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Nothing happens to turn Maleficent evil. No back story is offered or hinted at to explain her malevolence—she has just simply always beenevil. Since she has no past, there are no grounds for any sympathy for her. In the logic of the fairy tale, she exists to define the complete opposite of the good characters, Aurora, Phillip, and the fairies. Therefore, her motivations never change. Her experience does not follow an arc or lead to change. She shows up wanting to do hurtful things, and she dies wanting to do hurtful things. Her character is drawn so ominously that there is never any question whose side the audience should be on. Solitary, angular, and horned, Maleficent speaks in a deep, theatrically harsh voice and deploys a bitter, jealous wit to ensure that she appears completely without the capability to love or to be loved.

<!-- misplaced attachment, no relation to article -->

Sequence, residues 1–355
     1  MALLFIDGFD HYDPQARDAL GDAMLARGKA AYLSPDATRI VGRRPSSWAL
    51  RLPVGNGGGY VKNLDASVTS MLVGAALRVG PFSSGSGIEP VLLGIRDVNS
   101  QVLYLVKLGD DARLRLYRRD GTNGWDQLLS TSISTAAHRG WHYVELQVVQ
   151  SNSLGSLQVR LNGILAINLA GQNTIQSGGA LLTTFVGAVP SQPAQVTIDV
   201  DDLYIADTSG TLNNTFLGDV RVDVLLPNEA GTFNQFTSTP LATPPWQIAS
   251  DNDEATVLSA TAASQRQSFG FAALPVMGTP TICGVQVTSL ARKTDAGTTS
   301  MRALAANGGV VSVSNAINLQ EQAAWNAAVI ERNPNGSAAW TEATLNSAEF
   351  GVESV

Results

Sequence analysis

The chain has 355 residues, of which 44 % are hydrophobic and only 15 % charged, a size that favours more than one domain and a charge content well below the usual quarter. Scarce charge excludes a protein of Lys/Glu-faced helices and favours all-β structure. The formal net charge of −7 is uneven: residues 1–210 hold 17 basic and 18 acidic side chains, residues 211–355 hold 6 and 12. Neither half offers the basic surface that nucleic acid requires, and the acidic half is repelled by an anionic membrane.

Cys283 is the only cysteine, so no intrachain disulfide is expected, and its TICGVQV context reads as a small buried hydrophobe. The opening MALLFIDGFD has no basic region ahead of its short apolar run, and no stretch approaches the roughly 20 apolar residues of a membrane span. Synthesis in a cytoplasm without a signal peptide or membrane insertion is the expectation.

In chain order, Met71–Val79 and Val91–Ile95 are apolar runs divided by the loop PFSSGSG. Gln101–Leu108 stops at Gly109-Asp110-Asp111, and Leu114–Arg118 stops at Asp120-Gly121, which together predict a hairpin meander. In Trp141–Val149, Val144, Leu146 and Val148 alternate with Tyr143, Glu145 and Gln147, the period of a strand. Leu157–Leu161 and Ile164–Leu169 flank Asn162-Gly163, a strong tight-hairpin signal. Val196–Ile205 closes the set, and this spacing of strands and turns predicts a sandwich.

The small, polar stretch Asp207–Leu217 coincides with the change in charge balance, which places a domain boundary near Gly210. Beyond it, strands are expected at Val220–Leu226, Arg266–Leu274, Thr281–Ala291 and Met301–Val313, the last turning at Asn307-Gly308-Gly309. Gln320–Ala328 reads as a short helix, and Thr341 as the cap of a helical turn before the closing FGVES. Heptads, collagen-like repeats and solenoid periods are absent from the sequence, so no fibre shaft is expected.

The film bestows on her the skill of creative spell-casting in order to present challenges for the good characters to overcome. She proclaims death to Aurora, but Merryweather skillfully changes that to a deep sleep. She casts a forest of thorny branches in front of Prince Phillip after he escapes from her castle, but the good fairies equip him with the power to slice through it. Finally, her transformation into a giant dragon makes her so threatening, so unfairly dominant, that there’s no question she deserves death, right then and there.